"More than :invliody. i
have to say thanks to the
players." Morriss said.
"They've really done an ad
Inii‘able tub. I love these

Last Week. Morriss and
Barnhart told their team
about the N( AA‘s derision to
not accept I'K‘s howl ban apr
peal before telling the media.

However news of

Morris's contract extension
was not shared with the
players first.

Some of the players.
however. did find out before
others Several members of
the team waiting to talk with
the media found out the
news first.

For the seniors onlook-
ing the announcement. the
news came as bittersweet.

“It‘s great. I was sur-
prised and I'm so happy for
him." said fifthyear senior
linebacker Ronnie Riley who
missed all of last season with
a knee injury: “I'm not happy
I got hurt. but I‘m happy I'm
back. I'm happy for him”

But for the players who
still have some time left at
ITK. the announcement was
as good a feeling as being un»

"When the announcement
was made I was grinning from
ear to ear." said wide receiver
Tommy (‘ook. “There is a lot
of pressure on any coach. and
I think (‘oach Morriss has an-
swered any questions people
had about him. He definitely
deserves this.“



speaks at Worsham

Economics: Treasury secretary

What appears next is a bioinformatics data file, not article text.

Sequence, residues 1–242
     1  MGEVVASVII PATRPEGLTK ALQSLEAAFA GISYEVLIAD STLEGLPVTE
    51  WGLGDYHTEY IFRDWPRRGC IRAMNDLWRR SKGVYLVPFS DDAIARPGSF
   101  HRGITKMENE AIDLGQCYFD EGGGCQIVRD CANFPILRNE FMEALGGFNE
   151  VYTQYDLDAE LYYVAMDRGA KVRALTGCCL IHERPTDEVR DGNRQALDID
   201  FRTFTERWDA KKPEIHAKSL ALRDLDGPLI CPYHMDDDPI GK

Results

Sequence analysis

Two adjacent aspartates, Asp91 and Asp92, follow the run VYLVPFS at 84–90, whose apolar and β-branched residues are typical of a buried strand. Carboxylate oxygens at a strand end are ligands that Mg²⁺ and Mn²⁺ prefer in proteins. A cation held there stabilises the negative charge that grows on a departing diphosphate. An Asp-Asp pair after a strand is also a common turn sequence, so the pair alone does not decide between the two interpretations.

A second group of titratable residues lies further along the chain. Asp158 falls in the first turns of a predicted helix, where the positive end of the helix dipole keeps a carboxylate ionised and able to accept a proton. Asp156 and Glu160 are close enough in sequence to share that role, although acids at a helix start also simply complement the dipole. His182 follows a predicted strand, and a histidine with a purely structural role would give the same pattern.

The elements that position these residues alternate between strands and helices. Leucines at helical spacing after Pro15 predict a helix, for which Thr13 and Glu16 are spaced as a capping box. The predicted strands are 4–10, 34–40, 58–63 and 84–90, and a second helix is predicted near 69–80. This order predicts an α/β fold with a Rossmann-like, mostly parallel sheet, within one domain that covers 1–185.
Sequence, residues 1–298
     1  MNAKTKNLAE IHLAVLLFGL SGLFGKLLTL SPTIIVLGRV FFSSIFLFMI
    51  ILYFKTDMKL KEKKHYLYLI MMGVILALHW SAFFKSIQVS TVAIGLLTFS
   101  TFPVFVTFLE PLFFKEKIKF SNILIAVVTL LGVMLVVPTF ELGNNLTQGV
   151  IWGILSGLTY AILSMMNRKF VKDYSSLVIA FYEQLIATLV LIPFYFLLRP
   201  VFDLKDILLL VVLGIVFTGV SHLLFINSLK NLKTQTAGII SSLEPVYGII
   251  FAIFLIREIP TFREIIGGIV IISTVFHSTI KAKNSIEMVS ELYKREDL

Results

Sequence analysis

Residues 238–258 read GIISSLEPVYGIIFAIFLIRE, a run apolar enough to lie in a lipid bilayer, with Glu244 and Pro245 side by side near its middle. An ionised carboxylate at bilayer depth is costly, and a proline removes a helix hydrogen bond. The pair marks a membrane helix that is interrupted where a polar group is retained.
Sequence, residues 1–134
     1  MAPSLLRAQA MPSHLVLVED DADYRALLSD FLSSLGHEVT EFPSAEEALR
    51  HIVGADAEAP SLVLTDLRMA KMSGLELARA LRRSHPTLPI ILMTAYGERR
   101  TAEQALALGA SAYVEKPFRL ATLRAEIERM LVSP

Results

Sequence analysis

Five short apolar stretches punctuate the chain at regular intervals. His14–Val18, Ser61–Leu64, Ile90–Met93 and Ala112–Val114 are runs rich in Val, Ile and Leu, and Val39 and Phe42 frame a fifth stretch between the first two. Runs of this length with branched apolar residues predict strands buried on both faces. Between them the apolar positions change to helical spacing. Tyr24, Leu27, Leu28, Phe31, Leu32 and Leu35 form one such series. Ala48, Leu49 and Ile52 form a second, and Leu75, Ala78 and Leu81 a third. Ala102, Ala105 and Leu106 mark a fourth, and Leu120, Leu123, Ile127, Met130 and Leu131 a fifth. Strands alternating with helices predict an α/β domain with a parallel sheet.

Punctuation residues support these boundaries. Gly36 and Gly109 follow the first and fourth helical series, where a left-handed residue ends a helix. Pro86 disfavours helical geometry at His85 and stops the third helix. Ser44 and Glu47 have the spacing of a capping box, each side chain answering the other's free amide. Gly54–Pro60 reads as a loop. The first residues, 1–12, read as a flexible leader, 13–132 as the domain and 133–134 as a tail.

hopeful despite corporate fraud

By Rebecca [oil


US. Treasury
O‘Neill said he is optimistic about the
nation's economy. despite public con

"I‘m a great optimist. With good
leadership. everything is possible." he

The country remains strong after the
terrorist attacks and corporate scandals.
O'Neill said during a discussion at the
Worsham Theatre Monday.

"It’s a wonderful testimony to our
people and system to absorb all of that
and still stand strong." he said.

The recent scandals involving Enron.
Adelphia and WorldCom have taught
everyone a lesson in basic economics. he

“Now we know it's not true that a
company can have $10 billion in market
capital with no earnings or sales." he
said. drawing a laugh from the audience.

Several hundred community mem-
bers and students came to listen to
O‘Neill. who was at UK for the discus-
sion as part of a tour of Kentucky and

O'Neill said there is no excuse for
corporate fraud. For example. Tyco
records show ex-CEO Dennis Kozlowski
used unauthorized company loans for
personal expenses. such as a $6.000
shower curtain.

“It never occurred to me that anyone
would be able to do that kind of abuse and
justify it." he said.

O'Neill. who is the former president
of International Paper and chairman of
Alcoa Steel. said it was his idea to have
CEOs personally sign their earnings

The road to economic recovery will be
rough. he said.

“There‘s uncertainty with Saddam
Hussein. the threat of future terrorist at-
tacks. and the markets hate uncertainty."
he said.

He also said the government needs to
work to make programs and regulations
more accessible and efficient.

“The US. tax system is an abomina-
tion period." he said. “It's 9,000 pages of
stuff no one can understand."

He said that while people would
rather have corporations deal with tax in-

BllSh cabinet member
0 o o 0
g5g§ ,
to 0 m < '
< 3 r+ O
o a 3' ..
c m m _,‘ ‘
" E 'o 2.
m —
= 8 a 3
q H ' Q.
m 1": E”
Secretary Paul a 5+
o o o o
"n -n
9 9 a,‘ .
Q. m 0.. in
(D :3 (D 3’
fl 0- -‘ r?
N V‘ C 3"
5" 3'13~ 9+
fi 0 P; m
_. E 3‘ 3
m c m 5'
U '0 C .
T3 ' E
3. a;
N =
a, . \
' 95
o o o o '5
E 5 Z R ca
. 'tl;,§~~.§=-. OJ